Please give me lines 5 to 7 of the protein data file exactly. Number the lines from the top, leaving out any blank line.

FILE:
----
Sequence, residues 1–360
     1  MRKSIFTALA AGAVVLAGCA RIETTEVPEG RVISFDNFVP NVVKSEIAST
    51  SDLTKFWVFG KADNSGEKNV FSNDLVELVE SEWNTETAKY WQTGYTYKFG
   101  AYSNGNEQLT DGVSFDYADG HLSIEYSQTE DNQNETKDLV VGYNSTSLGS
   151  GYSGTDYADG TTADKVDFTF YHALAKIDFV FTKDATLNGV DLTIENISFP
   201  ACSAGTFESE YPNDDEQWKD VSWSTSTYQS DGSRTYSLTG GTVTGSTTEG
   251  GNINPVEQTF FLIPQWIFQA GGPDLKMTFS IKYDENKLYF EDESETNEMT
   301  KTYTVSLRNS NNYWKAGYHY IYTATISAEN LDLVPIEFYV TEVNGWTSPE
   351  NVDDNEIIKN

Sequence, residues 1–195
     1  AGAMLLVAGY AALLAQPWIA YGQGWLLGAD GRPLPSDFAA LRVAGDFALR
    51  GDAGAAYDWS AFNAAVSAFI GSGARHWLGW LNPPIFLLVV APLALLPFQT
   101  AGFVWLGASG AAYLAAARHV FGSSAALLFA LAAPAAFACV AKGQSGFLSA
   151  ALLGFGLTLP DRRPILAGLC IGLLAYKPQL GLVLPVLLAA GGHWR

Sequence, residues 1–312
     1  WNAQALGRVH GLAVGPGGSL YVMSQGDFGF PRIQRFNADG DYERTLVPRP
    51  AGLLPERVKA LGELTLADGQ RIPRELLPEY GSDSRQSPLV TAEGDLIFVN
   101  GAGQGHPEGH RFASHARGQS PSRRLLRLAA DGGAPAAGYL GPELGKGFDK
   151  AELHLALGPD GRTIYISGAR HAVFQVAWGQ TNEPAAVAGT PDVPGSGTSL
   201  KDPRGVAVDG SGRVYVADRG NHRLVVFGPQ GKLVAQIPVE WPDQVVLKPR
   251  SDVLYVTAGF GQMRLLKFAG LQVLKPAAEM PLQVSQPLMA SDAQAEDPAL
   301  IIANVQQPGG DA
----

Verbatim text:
   151  GYSGTDYADG TTADKVDFTF YHALAKIDFV FTKDATLNGV DLTIENISFP
   201  ACSAGTFESE YPNDDEQWKD VSWSTSTYQS DGSRTYSLTG GTVTGSTTEG
   251  GNINPVEQTF FLIPQWIFQA GGPDLKMTFS IKYDENKLYF EDESETNEMT